Float compression [Re: floating point math results question]

Peter Hansen peter at engcorp.com
Sun Jan 27 02:31:55 CET 2002


François Pinard wrote:
> 
> [Peter Hansen]
> > [Phil Hunt]
> > > [Courageous]
> 
> > > >Second, as an academic exercise, you may now attempt to represent the
> > > >number 0.8 [that is: 4.0/5.0] ]as a 32 bit binary value.
> 
> > > I can do it in 24 binary bits: 00110000 00101110 00111000
> 
> > Naw, that was 26 ASCII characters.  The original "0.8" is 24 bits.
> > I can do it in 16 bits: ".8" !!  Fewer if you are willing to drop the
> > leading binary zeros.  <grin>
> 
> I guess that it is an interesting exercise, trying to represent an arbitrary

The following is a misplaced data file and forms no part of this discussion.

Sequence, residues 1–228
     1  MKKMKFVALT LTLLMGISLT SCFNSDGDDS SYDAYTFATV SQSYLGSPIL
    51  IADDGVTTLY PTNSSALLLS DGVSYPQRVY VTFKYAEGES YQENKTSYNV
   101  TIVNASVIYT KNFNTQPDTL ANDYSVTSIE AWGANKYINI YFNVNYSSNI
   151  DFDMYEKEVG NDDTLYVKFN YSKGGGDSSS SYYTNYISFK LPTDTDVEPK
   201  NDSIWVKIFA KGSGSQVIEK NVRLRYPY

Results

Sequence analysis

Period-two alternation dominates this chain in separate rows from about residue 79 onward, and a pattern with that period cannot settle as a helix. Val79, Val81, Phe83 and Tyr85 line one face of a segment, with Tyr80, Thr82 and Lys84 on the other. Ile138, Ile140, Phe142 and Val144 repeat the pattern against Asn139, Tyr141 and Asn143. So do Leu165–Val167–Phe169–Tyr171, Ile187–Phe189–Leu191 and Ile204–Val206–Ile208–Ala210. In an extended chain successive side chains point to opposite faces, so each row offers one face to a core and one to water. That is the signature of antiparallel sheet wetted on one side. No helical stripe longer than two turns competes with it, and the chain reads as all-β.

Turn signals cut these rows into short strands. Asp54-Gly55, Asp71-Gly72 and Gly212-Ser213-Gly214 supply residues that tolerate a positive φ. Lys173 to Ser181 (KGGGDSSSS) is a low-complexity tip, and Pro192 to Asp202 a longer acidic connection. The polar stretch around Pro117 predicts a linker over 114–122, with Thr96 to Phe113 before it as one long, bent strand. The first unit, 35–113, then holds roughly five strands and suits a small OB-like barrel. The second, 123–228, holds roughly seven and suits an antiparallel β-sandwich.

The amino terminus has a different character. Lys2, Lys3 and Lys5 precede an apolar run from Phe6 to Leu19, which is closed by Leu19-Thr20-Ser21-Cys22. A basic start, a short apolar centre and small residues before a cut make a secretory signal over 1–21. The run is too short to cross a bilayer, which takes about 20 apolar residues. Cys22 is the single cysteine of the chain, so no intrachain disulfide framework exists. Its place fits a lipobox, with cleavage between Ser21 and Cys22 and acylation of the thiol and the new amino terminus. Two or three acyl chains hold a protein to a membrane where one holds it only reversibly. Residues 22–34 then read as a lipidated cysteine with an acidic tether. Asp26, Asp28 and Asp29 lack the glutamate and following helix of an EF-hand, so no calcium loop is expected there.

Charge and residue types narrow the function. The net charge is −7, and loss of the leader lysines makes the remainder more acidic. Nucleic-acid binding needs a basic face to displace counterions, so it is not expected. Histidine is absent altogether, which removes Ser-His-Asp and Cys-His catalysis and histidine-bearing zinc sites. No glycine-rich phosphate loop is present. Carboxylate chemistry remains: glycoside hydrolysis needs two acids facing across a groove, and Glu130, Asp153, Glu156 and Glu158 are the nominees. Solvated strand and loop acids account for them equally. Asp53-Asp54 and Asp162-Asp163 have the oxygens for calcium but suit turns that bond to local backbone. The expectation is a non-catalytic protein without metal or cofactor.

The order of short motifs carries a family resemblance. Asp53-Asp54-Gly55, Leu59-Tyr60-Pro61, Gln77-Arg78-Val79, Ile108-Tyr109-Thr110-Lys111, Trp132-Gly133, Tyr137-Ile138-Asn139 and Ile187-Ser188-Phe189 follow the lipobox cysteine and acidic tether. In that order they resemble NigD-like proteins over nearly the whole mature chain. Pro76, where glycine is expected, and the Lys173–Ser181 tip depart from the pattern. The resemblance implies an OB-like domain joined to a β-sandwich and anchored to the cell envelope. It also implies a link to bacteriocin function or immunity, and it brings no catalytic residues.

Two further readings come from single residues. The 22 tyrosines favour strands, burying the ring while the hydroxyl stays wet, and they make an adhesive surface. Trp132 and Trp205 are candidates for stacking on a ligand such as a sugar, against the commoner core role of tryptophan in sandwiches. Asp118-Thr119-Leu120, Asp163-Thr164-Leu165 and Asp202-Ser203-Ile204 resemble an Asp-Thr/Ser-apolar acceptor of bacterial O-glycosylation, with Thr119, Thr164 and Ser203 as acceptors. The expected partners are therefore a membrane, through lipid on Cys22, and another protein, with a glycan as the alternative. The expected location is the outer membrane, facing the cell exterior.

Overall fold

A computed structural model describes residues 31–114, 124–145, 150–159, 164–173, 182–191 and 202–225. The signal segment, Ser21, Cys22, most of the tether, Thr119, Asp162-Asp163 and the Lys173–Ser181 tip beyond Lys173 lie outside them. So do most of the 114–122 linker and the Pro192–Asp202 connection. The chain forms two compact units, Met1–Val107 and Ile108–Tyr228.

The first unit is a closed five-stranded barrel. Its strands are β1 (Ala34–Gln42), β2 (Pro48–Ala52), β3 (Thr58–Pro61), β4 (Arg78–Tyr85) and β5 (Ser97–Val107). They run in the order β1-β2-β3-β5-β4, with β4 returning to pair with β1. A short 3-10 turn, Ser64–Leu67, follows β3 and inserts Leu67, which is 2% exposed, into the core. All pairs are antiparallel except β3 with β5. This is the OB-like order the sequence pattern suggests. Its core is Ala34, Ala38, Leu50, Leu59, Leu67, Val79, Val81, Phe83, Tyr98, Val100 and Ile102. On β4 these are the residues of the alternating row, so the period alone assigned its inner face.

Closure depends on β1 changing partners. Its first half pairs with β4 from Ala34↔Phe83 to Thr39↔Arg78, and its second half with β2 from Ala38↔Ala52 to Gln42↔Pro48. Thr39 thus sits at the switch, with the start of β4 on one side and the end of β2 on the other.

> float number within a given tolerance, with a small number of bits.

I think you have to take into account dynamic range.  If I said I want
to represent 0.8 accurately "in binary", with a dynamic range from 0.0 to
1.0, I could just use four bits (fixed point).  I'd even have five values
left over for representing special cases, if I were writing this in
assembly on a machine with 128 bytes of memory, twenty years ago. :-)

Actually, I guess we're talking about two different things, since you
mentioned "floats" and I mentioned "fixeds".

-Peter



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